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Stockade-athon: Year-by-year recap

Stockade-athon: Year-by-year recap

A year-by-year recap of the Gazette Stockade-athon.


Using the old Grout Run start and finish areas in Central Park, 63 runners finish the first Stockade-athon.

Mark Mindel and Scott Ferguson tie for first after Ferguson is held up by traffic letting out of St. Luke’s Church on State Street, allowing Mindel to erase a 20-meter deficit.


Pat Glover and John Hale mistakenly run off course in the park and finish first and second, respectively, but are moved back to third and fourth behind Mindel and Jay Smith, who tie.


The field nearly triples to 588 as Glover outduels Chet Bieganski to win the men’s division. Chris Bergeron, a member of the Queensbury High School’s Section II champion cross country team, wins the women’s div­ision.


Mindel wins his third championship, pulling away from Larry Frederick in the final 400 yards. Niskayuna junior Sue Hay wins the women’s division.


Despite wintry conditions, Barry Brown of Gainesville, Fla., pulls away from Carlo Cher­ubino and Siena College junior Rich Coughlin to break the course record by over two minutes.


Ellen Weglarz of Ballston Lake fights off snow squalls to win the first of her four women’s championships.


Facing his mentor for the first time in a road race, Tom Dalton outduels Barry Brown and breaks the course record with a time of 45:20.

Weglarz breaks the women’s record by 11 seconds in 55:19. The field of 1,041 tops 1,000 for the first time, as the Schenectady Gazette assumes the title sponsorship.


A record field of 1,271 shows up, including men’s champion Tom Carter of Owego, who rolls to victory. Weglarz becomes the first woman to crack 55 minutes.


Dan Predmore weathers a stiff headwind up State Street to win the men’s title over Dalton, Brown and Coughlin; Weglarz completes her four-year sweep with a record 54:20.


Dalton easily wins his third title in four years, and Kathy Brandell of Plattsburgh makes short work of Weglarz’s women’s record in 52:23.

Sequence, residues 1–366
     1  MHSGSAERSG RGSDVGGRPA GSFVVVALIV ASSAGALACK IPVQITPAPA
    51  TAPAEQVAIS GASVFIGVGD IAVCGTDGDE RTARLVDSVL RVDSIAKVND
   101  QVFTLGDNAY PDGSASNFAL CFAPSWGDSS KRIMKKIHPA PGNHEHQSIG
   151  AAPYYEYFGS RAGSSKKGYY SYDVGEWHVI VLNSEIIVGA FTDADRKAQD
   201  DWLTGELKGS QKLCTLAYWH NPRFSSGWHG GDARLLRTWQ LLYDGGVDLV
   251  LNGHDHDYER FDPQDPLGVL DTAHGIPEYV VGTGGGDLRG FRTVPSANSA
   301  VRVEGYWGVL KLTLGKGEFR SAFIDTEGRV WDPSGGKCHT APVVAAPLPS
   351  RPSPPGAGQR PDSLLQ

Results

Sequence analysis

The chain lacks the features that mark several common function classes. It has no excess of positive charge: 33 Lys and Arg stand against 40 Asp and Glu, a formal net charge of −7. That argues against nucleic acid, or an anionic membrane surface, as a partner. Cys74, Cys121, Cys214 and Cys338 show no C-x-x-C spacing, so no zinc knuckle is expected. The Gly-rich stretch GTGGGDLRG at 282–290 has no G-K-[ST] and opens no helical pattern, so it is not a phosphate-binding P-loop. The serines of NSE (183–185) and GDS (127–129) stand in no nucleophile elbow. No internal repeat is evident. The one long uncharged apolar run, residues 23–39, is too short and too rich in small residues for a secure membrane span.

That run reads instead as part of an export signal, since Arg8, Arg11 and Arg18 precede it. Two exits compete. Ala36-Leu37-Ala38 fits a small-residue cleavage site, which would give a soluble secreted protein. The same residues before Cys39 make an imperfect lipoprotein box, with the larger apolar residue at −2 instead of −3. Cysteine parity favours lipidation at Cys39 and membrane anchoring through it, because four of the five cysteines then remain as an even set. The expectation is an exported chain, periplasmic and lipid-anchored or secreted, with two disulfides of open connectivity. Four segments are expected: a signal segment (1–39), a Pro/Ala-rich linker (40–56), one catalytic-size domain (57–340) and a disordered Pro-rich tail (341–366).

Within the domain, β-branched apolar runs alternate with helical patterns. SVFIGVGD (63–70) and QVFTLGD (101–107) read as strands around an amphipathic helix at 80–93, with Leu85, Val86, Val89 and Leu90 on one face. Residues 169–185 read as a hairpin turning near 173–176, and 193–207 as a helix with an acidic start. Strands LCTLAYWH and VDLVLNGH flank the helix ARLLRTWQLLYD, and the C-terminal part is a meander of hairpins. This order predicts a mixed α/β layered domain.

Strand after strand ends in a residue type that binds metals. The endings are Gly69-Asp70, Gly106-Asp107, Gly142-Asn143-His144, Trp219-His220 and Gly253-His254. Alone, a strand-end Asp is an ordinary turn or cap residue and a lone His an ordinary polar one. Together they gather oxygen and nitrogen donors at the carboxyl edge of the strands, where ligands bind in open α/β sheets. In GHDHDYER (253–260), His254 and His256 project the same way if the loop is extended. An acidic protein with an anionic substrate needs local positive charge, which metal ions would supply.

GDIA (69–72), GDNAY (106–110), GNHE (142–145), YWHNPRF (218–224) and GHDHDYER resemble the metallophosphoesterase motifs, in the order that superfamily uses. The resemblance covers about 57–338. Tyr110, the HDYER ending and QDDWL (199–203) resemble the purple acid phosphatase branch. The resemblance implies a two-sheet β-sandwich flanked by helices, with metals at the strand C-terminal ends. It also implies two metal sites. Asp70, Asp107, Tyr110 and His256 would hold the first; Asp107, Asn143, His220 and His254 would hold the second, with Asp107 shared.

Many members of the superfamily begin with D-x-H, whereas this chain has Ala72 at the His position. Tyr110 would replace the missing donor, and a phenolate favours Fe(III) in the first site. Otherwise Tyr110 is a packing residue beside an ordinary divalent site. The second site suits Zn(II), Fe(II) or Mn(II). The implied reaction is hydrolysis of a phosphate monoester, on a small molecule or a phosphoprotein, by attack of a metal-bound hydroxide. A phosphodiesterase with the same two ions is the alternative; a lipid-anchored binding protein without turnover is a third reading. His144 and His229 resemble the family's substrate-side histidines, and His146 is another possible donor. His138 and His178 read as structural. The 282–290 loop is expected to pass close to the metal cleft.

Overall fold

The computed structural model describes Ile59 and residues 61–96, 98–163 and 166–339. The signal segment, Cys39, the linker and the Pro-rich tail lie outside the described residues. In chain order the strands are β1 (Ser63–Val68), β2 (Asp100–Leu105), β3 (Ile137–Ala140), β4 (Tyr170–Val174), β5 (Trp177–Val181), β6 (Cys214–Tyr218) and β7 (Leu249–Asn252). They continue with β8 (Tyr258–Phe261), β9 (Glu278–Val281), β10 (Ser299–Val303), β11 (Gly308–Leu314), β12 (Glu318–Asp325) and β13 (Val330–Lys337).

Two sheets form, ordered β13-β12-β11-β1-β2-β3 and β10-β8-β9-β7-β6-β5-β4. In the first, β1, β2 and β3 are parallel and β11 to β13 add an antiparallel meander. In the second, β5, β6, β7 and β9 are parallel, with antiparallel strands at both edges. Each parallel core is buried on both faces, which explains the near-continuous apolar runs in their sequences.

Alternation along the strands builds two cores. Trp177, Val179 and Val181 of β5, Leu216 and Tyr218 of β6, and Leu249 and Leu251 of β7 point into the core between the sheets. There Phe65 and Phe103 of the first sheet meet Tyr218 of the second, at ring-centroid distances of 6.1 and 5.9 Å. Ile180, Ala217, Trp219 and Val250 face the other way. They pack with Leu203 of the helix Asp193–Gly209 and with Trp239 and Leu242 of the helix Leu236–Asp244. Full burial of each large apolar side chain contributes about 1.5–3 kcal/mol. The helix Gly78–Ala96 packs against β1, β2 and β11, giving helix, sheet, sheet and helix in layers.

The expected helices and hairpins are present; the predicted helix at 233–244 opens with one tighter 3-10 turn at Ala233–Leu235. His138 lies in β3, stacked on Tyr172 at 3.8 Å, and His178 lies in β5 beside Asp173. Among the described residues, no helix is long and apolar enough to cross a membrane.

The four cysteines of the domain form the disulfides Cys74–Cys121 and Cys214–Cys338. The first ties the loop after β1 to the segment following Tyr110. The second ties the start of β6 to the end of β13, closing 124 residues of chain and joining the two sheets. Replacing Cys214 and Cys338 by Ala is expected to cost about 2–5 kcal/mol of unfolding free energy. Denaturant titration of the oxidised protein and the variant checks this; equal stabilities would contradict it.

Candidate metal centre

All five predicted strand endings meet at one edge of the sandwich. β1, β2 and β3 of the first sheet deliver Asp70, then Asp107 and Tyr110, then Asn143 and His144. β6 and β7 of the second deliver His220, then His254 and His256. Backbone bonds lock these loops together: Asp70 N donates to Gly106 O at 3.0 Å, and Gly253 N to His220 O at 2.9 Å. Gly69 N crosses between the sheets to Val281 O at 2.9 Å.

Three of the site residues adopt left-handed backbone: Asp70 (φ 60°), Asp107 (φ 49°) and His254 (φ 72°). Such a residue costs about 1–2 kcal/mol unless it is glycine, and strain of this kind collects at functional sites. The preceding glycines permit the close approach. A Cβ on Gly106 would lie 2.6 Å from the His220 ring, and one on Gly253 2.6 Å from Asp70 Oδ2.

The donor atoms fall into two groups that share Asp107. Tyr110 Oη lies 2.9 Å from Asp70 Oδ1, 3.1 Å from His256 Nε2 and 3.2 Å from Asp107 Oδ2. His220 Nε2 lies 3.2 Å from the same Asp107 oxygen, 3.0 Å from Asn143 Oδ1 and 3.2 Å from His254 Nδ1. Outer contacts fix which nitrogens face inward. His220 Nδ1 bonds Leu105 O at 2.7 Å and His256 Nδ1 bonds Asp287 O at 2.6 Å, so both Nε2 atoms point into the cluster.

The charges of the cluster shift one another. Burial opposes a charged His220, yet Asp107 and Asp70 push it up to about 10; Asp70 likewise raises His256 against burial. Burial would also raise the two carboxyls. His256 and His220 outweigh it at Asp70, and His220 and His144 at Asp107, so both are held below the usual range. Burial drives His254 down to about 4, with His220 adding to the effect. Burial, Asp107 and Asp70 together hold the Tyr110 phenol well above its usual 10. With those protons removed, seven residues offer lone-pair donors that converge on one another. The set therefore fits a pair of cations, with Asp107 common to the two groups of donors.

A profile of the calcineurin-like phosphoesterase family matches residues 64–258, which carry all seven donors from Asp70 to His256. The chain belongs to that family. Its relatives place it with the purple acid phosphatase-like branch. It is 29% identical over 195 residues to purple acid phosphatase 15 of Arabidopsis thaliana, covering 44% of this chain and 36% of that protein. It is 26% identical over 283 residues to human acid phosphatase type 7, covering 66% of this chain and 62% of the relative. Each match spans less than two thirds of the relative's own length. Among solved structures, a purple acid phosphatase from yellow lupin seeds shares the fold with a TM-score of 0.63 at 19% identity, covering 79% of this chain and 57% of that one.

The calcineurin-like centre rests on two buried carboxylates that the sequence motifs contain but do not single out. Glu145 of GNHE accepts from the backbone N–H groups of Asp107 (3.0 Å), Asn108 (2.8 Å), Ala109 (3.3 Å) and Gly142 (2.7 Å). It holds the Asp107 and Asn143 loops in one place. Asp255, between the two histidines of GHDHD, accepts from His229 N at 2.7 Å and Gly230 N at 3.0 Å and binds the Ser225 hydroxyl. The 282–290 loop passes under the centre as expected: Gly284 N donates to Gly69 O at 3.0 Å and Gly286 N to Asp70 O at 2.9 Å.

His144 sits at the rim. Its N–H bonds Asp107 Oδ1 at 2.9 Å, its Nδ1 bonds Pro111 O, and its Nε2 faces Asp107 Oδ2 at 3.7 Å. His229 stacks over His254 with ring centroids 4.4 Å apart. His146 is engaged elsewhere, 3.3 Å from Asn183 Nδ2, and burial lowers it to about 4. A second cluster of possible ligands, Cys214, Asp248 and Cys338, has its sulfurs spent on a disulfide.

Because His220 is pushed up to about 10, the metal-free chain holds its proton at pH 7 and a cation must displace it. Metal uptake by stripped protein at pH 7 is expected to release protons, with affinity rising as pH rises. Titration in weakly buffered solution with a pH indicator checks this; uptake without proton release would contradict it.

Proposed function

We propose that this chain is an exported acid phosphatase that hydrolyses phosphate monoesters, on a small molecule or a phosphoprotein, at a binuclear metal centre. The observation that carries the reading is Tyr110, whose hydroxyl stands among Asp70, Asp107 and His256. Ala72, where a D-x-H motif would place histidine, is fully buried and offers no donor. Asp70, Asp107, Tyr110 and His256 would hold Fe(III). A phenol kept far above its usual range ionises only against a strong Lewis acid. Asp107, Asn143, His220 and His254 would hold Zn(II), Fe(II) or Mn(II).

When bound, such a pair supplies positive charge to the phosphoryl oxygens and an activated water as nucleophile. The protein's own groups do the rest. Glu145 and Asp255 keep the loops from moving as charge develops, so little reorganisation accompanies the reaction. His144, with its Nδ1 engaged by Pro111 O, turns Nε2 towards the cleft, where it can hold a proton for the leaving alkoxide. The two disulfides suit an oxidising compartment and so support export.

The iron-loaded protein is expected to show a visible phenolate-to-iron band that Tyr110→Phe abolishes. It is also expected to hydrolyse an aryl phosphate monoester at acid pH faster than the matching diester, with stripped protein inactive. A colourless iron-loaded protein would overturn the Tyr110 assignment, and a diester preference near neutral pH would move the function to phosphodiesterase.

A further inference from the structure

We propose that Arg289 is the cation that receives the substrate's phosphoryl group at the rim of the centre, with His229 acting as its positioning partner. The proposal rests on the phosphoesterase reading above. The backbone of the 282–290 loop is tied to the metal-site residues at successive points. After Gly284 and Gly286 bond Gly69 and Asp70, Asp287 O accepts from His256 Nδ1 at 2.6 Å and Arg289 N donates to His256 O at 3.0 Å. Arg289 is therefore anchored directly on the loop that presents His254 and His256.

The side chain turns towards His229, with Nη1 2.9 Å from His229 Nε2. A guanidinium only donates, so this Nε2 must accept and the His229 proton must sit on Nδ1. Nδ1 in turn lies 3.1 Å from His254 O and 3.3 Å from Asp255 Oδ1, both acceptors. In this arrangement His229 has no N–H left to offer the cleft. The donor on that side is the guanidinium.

Jerry Lawson, an unknown 20-year-old from the Utica area, shows up with an orange Mohawk haircut and runs away from the field by almost a minute.


For the second year in a row, Lawson wins easily, as Dalton and Coughlin share second place. Denise Herman rolls to her second straight women’s championship.


Lawson, with the word “Awesome” printed on his T-shirt, sets a torrid pace at the start, but Terry Perreault picks up the pieces at the end and wins in 45:20. The legendary Jim Ryun, 41, participates in the race and finishes third in his age group.


A strong headwind between Central Park and the Stockade, the fast part of the course, prevents Tom Dalton from setting a record, but he wins his third title.

Lori Hewig, who didn’t start running until well after graduating from college, wins the first of three straight women’s crowns.


Dalton and Coughlin, former Siena College teammates and close friends, battle over most of the course before deciding to share the championship by holding hands at the finish line for a tie.


John Trowse of Watertown wins the men’s division by 1:10, and Hewig completes an Adirondack TAC season sweep of the champ­ionship races at all distances from 3k to 15k.